“The toddler will be minded by both families” my husband answered before I asked. I smiled and thanked him for such a lovely surprise.“All inclusive , which means a couple of hundred of euros is plenty to bring” he beamed as he showed me the beautiful hotel.

“And the hotel has a kiddies club incase J does want to get away from us for a bit!”

“That is amazing, honestly. I cannot wait to see J’s face when we tell him!” I could feel the excitement building within me. “Let’s leave it until the morning we go, the surprise will be great but if we tell him now…” we both laughed.

J has ADHD and finds waiting very difficult, especially waiting for something as special as a holiday.

And then…

Scrolling through social media on Friday, my heart skipped a beat. “Who did we book with again?” I asked my husband as he swept the floor. “Lowcostholidays, why?”

“Oh no…They have gone bust! Look!”

I showed him my phone.

His face turned pale.

“Is this breaking now? On a Friday evening when there is no one in their offices?”

He began to desperately search for his emails from Lowcostholidays. We visited our bank with the hope that they can help; but the reality is we paid using a debit card not a credit card. We paid for everything including insurance but alas the insurance doesn't cover the dissolving of a company.

We may have our flights, if we could get hold of someone in Aer Lingus, given this happened on a Friday (late afternoon ) it was, understandably hard to get hold of anyone until Monday.

So the best case scenario, we have flights possibly but nowhere to stay unless we pay for the hotel again and transfers and insurance…something I am pretty sure many holidaymakers are not in a position to do, not just us.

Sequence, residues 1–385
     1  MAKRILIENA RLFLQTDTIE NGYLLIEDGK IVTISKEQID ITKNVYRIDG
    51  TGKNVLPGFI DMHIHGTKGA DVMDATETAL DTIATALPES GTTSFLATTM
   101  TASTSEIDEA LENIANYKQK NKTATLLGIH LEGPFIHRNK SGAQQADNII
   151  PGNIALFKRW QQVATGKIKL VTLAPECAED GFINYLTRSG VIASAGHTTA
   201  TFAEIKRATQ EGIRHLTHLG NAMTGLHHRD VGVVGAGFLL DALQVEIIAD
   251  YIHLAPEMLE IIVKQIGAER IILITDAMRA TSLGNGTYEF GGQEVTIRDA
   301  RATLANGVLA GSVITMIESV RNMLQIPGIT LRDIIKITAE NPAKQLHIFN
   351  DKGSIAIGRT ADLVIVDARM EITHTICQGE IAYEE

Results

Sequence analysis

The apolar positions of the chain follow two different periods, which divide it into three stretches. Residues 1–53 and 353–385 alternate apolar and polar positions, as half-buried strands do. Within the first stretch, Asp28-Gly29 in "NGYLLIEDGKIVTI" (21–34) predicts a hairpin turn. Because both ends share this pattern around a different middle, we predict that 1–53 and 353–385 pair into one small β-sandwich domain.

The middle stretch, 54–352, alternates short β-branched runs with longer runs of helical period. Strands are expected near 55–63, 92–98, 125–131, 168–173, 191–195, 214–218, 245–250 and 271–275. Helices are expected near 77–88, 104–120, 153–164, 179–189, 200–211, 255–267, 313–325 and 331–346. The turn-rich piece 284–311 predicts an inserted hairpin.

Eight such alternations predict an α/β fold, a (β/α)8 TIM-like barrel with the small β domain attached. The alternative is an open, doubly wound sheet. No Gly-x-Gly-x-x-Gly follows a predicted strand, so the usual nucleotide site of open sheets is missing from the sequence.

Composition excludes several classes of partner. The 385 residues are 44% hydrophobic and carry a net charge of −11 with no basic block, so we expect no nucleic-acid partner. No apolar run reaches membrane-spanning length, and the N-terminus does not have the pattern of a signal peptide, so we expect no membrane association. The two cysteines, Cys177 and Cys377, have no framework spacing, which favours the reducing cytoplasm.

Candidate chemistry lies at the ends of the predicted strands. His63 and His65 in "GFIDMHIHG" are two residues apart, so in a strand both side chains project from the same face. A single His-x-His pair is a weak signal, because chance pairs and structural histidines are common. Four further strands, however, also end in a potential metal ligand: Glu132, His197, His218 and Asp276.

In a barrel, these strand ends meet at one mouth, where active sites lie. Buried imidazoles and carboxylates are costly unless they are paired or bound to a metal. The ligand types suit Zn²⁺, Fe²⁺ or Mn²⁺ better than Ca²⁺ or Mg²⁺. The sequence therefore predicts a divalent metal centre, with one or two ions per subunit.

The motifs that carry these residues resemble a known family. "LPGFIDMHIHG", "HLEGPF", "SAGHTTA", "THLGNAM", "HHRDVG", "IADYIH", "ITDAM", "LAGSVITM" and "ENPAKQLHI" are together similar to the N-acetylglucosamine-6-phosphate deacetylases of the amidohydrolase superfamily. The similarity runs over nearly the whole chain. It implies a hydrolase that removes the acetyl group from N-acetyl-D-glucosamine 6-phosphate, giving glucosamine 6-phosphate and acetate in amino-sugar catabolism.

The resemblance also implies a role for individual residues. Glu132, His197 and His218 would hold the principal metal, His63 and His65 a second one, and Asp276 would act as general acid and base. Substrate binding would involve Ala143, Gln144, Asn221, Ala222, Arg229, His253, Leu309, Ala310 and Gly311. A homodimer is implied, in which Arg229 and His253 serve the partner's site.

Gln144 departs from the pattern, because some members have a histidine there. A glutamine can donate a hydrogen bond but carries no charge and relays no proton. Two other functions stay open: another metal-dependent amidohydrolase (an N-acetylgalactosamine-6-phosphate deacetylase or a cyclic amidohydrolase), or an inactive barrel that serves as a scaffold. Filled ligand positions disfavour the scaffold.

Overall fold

Turns out it could have been worse, we may have already been on our holiday and then forced to pay our hotel all over again...or we could have literally just booked with lowcostholidays hours before they announced their demise. (I've read more than one comment from fellow would-be holidaymakers that they literally booked just before the company announced that they were closing, also many are away and having to pay again for their accommodation )

Is this behaviour ethical? Did lowcostholidays really have no idea that there was a possibility of this happening? They were still offering discounts on their website as recently as Thursday evening. I find it very hard to believe lowcostholidays had no clue about its possible future, yet they still continued to take money and bookings.

We are obviously not the only family affected by this, but this is our story and what lowcostholidays have taken away from us; a simple holiday with our middle son — a break from all the hard days we do have at home and a few days just for him and us. We cannot get a refund or even plan a mini getaway in Ireland; we simply cannot afford that, an all inclusive holiday was our way of cutting down the cost.

I am also sure, we are not the only family who cannot simply pay twice for a holiday. So while all the helpful links are telling us to try and claim back or take our flight and pay for the hotel again, many of us are not in that position, regardless of (maybe ) getting some of the money back months later. There is one thing I am grateful for and that is my middle guy had no clue about this holiday, nor had A’s son, so at least we don’t have two disappointed boys to deal with on top of losing our holiday and giving away our money to lowcostholidays.

I am hopeful we may see the sun in Galway around the 14th to the 19th of August.

Ger Renton won best newcomer 2016 at the Irish Blog Awards. Follow her on facebook at "It’s me and Ethan" and check out her blog at geraldinerenton.com Originally published on  http://www.familyfriendlyhq.ie/family-blog/the-fallout-from-the-low-cost-holidays-bust-one-irish-mums-tale